7 Rape Myths From Brock Turner's Friend Leslie Rasmussen's Statement, Debunked

WASHINGTON, DC - JANUARY 21: Peaceful protestors march during the Women's March On Washington on January 21, 2017 in Washington, DC. (Photo by Mike Coppola/Getty Images)
Source: Mike Coppola/Getty Images Entertainment/Getty Images

Before Brock Turner was sentenced Thursday for sexually assaulting an unconscious woman in January 2015, several of his friends and family members sent letters asking the judge to go easy on him. One particular letter, from Brock Turner's childhood friend Leslie Rasmussen, expresses many of the major misconceptions our society holds about sexual assault. She's not the only one who holds them, so for everyone's sake, it's time to debunk them yet again. 

"I don’t think it’s fair to base the fate of the next ten + years of his life on the decision of a girl who doesn’t remember anything but the amount she drank to press charges against him," Rasmussen wrote. "I am not blaming her directly for this, because that isn’t right. But where do we draw the line and stop worrying about being politically correct every second of the day and see that rape on campuses isn’t always because people are rapists."

In case you were wondering what people mean when they talk about rape culture, this is it. In this letter, Rasmussen takes nearly all of the troubling ideas we hold about sexual assault that are normally conveyed subtly and puts them all out there. Here are some of the myths expressed in the letter that we seriously need to stop believing. 

1. MYTH: Rapists Aren't To Blame For Rape

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Rasmussen writes that rape "isn't always because people are rapists." But rapists are literally the only cause of rape. If there were no rapists, there would be no rape, no matter how drunk anybody got or what anybody wore. If someone rapes somebody, they are a rapist. Star athletes and students like Turner are not the exception to that rule. 

2. MYTH: Alcohol Abuse Excuses Sexual Assault

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Men who rape women on college campuses, Rasmussen wrote, "are not rapists. These are idiot boys and girls having too much to drink and not being aware of their surroundings and having clouded judgement." This implies not only that alcohol makes rape less bad because it's just a result of "clouded judgment," but also that rape victims are "idiots" for drinking "too much" and leaving themselves vulnerable. Again, it's not relevant how much either party had to drink, because nobody causes rape but rapists. The common refrain applies here: It's not anyone's responsibility to not get raped. It's rapists' responsibility to not rape in the first place.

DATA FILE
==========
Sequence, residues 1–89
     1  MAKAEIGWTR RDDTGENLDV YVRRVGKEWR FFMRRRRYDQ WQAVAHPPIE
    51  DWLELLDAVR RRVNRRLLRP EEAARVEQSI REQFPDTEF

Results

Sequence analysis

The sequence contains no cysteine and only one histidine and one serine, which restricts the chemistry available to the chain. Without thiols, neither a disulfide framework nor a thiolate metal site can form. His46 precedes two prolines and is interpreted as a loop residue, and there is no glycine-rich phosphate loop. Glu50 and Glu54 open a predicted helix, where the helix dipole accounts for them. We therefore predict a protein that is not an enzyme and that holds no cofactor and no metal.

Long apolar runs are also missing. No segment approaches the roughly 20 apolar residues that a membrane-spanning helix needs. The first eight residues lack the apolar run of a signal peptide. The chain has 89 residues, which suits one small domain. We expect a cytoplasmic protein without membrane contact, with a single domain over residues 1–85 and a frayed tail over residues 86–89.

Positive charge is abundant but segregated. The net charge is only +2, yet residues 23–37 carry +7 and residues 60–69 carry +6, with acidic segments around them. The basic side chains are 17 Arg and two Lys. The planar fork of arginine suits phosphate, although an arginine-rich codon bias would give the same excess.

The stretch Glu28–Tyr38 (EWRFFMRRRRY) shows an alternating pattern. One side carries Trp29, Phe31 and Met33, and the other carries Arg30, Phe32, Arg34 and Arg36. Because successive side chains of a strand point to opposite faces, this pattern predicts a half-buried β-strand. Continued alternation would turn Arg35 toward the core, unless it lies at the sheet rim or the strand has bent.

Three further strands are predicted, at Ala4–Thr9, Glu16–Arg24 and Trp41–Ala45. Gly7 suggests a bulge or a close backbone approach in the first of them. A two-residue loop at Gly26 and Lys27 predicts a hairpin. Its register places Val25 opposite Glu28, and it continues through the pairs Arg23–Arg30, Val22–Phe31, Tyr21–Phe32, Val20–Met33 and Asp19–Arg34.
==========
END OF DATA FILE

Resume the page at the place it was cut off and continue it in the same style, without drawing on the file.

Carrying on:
3. MYTH: Rapists Are Strangers

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If men who rape women on college campuses aren't rapists, then who is? According to Rasmussen's statement, rape is "a woman getting kidnapped and raped as she is walking to her car in a parking lot." But according to the Rape, Abuse & Incest National Network, about four out of five sexual assaults are committed by someone the victim knows. Rape can be committed by a partner, friend, family member, or acquaintance. In fact, this is often what makes the crime so painful: The perpetrator abused the victim's trust. 

4. MYTH: Boys Will Be Boys

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"I am so sick of hearing that these young men are monsters when really, you are throwing barely 20-somethings into these camp-like university environments, supporting partying, and then your mind is blown when things get out of hand," Rasmussen writes. This implies that rape is a natural consequence of men having the freedom to do what they want. But rape is not a spontaneous effect of hormones gone awry — it is a choice made by the rapist, and people always have the choice to not rape. 

5. MYTH: If Someone Is Well-Liked, They Can't Be A Rapist

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Along with her letter, Rasmussen attached a photo of Turner from high school. "He has always had that huge, loving smile on his face," she wrote. "The caption is even 'd’awwwww' because he was always the sweetest to everyone." While it may seem incomprehensible that someone with this demeanor could be a rapist, the truth is that we live in a culture that teaches people — especially men — that consent doesn't matter. But the truth is that anyone's friend, son, neighbor, or classmate could be a rapist, whether they're well-liked or not.

6. MYTH: The Perpetrators Are The Real Victims

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Like the letter written to the judge by Brock Turner's father, Rasmussen's letter expresses more sympathy for the perpetrator of this crime than for the victim. "It's pretty frustrating to see the light that people are putting him in now," she writes. "It used to be 'swim star' and now it's like he is the face of rape on campuses." But if he didn't want to be used as an example of rape on campuses, then he shouldn't have raped someone. His victim, on the other hand, suffered through no fault of her own. "I am a human being who has been irreversibly hurt, my life was put on hold for over a year, waiting to figure out if I was worth something," she said in a statement read after the sentencing.

7. MYTH: It's The Victim's Fault

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Rasmussen repeatedly makes reference to the victim's alcohol usage, as if it mitigates the fact that Turner took advantage of her inebriation. But she wasn't raped because she drank. She was raped because somebody decided to rape her, and that is and always will be the sole reason that sexual assault happens.


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